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EMOTIONS AND WANTS
Posted by:   |  Apr 25, 2017

Aristotle was one of the first to recognize the value of emotion and see it as a positive force. To him, emotions were a manifestation of desire as a motivating factor. Without desire, we would never experience the urge to protect ourselves—or do anything at all, for that matter. Ideally, action should be guided by reason and purpose. Emotions are motivating factors that incite us to action.

Emotions have their origin in the universal human state of wanting (desiring, wishing for, hoping for) something. The level of wanting determines the state of our emotions. Much of what we want is instinctive, and some of it is learned as we grow.

We define success as getting what we want. We think of failure as not getting what we want. As far as causes for want or needs are concerned, one thing seems clear at the outset. As with anything else, we could either start our lives with wants, or we could pick them up along the way – or we could do a bit of both. In other words, some wanting could be instinctive, and the rest would have to be acquired (learned).

Let me explain the difference between learned wanting and instinctive wanting.

Learned Wanting

As I mentioned at the beginning of this chapter, some of our wants are learned (or acquired). Whenever we experience something pleasurable and enjoyable—going to the beach, eating a hot fudge sundae, making love, learning to ski, playing the piano—we want to experience those things again and again. On the other hand, whenever we experience something unpleasant or painful—being bullied, failing a test, breaking an arm or leg, struggling financially, experiencing rejection—we will do everything possible to avoid those experiences in the future. This is learned wanting. We experience something and we remember the feelings associated with that experience, whether positive or negative.

As we mature, we don’t always have to experience something to know that we want it—or want to steer clear of it. We’re able to combine our past experiences with creativity and reason to make decisions.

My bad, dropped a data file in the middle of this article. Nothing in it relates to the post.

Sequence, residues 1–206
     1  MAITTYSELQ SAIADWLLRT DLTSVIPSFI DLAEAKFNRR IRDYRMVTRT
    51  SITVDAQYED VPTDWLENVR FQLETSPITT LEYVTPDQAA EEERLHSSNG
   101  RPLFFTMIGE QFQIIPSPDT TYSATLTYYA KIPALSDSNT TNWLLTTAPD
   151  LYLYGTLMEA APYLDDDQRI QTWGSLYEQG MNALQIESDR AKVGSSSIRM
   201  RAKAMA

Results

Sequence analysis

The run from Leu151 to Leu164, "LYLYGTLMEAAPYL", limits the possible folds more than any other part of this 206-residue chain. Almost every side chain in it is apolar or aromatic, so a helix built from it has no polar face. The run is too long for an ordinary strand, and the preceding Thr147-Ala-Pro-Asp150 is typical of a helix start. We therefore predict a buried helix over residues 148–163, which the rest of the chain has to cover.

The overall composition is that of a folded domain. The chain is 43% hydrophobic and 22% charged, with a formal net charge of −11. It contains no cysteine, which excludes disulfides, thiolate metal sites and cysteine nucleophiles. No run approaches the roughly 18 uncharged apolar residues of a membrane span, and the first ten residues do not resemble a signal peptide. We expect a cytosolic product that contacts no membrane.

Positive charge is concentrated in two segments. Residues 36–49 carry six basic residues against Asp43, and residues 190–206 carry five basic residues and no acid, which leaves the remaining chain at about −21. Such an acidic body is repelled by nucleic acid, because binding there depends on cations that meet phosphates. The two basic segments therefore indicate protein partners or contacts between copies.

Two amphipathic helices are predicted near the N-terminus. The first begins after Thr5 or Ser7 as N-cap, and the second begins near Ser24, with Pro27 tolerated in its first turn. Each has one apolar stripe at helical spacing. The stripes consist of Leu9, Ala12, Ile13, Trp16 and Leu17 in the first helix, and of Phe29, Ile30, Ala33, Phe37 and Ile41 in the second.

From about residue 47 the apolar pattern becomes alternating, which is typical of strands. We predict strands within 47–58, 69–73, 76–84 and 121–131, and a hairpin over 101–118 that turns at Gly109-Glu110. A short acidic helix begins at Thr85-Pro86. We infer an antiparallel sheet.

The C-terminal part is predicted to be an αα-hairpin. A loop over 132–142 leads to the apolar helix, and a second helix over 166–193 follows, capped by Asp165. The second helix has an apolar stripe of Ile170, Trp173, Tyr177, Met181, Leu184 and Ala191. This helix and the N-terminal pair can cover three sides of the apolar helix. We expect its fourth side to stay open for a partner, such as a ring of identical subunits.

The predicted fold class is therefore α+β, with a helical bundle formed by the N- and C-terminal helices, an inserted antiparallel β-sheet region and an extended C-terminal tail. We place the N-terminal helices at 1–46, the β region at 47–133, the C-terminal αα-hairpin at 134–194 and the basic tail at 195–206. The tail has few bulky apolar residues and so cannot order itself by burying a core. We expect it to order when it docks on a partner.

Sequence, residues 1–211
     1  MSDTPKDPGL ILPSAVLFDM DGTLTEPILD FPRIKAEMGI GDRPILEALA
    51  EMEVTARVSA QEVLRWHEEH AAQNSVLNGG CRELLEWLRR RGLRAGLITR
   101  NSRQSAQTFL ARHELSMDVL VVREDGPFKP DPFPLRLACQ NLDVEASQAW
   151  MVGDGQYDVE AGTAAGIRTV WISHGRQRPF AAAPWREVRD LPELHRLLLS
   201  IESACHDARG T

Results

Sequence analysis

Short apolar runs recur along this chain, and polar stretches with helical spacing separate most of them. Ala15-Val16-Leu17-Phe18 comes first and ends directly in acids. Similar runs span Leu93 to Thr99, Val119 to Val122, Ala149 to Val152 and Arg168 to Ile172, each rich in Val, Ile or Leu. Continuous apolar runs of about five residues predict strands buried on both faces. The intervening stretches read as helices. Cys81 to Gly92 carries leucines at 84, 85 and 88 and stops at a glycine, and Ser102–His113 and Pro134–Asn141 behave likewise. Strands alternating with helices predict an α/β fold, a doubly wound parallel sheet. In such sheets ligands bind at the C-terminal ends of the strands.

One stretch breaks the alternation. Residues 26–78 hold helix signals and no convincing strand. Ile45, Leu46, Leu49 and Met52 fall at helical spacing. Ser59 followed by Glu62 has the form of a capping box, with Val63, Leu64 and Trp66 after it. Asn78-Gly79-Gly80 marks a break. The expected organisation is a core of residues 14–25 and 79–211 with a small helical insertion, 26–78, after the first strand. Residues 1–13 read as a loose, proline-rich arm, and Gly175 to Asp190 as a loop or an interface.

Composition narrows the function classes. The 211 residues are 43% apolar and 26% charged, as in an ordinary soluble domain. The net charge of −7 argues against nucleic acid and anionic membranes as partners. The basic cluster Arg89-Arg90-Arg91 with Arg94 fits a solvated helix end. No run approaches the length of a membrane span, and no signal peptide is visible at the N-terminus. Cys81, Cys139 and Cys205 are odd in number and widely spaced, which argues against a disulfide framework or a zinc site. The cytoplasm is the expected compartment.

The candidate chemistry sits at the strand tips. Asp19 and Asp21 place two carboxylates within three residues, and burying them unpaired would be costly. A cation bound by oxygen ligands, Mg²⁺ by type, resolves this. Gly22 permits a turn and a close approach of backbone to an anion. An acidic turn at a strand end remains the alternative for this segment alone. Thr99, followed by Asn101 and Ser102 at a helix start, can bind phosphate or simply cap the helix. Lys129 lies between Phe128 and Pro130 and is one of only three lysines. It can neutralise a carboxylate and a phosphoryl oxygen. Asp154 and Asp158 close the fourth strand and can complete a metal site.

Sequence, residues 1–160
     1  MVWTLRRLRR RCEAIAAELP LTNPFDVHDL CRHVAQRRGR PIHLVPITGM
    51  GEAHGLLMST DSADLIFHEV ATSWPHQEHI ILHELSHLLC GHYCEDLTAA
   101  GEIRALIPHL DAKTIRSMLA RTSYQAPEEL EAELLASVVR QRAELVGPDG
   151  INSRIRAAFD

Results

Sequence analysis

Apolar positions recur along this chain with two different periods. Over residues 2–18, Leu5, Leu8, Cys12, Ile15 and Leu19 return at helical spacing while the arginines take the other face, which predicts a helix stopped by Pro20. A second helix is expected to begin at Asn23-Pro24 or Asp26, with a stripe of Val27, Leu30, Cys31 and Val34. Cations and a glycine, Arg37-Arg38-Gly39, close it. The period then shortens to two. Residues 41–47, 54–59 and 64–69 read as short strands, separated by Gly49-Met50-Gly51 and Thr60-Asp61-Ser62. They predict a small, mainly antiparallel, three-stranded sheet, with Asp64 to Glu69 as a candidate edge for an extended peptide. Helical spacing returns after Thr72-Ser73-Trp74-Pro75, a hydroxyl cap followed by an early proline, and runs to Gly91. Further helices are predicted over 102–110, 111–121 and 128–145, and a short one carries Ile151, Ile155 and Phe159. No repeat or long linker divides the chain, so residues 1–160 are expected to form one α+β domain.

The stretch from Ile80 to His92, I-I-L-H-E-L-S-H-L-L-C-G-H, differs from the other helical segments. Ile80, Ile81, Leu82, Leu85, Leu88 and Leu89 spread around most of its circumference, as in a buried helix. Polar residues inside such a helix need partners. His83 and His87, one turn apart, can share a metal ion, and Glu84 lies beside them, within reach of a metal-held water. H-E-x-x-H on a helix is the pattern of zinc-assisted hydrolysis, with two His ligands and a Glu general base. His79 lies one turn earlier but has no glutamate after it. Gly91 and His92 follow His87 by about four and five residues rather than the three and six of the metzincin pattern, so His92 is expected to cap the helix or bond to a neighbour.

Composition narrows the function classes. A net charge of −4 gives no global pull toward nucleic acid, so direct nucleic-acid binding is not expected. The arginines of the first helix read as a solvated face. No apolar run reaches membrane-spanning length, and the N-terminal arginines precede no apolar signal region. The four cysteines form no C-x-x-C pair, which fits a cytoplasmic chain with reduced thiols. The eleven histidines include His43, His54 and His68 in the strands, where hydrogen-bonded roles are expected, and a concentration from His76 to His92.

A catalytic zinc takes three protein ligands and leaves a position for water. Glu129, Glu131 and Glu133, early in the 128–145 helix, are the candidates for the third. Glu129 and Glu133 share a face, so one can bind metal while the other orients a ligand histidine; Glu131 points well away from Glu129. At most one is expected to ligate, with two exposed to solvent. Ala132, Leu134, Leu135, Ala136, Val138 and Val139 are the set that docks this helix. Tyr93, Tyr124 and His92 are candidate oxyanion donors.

That last type of wanting can also be influenced by anything that affects our conditioning. Anything from the past behavior of our parents, to the recent effects of advertising, might contribute to the direction and intensity of our wanting.

Instinctive Wanting

Some of our desires and wants are instinctive. We’re usually aware of our learned wants and desires, but we may not be aware of instinctive desires consciously, at least not at first. They come from a deeper subconscious place within us. Because we’re not aware of them, they can catch us off guard and feel overwhelming when they do make themselves known.

In terms of defining these instinctive wants, psychologists and psychiatrists have not been able to come up with a definitive list. The most we can say with assurance is that human instincts exist. In this book, we’ll focus on some basic instincts: self-preservation, sex/reproduction, family, and society.

Sometimes urges are used interchangeably with instincts. For instance, we all have a basic need for air, water, food, and shelter. For our purposes, though, these urges can all fit under the umbrella of self-preservation. Sometimes aggression is referred to as an instinct, but I prefer to see it as a behavior, not an instinct. When we’re threatened physically in some way and respond with aggression, we are operating from an instinct of self-preservation. But if someone rejects us and we respond with aggression, this isn’t coming from the same place. Instead, it might be from a learned desire to avoid being hurt that stems from an experience we had as a teenager.

Emotional Intelligence

Regardless if the wanting is instinctive or learned, our ability to connect emotions to wants and specifically defining our wants is key to our well-being and serve as a manifestation of our emotional intelligence.

As such, Emotional Intelligence is the ability to recognize your emotions, understand what the message they are trying to provide us, and realize how our emotions affect other people. In other words, when we understand how we feel and able to translate it to our needs, it allows us to attend to ourselves while able to manage relationships more effectively.



Licensed Marriage and Family Therapist (LMFT) in New York City
License # : 000697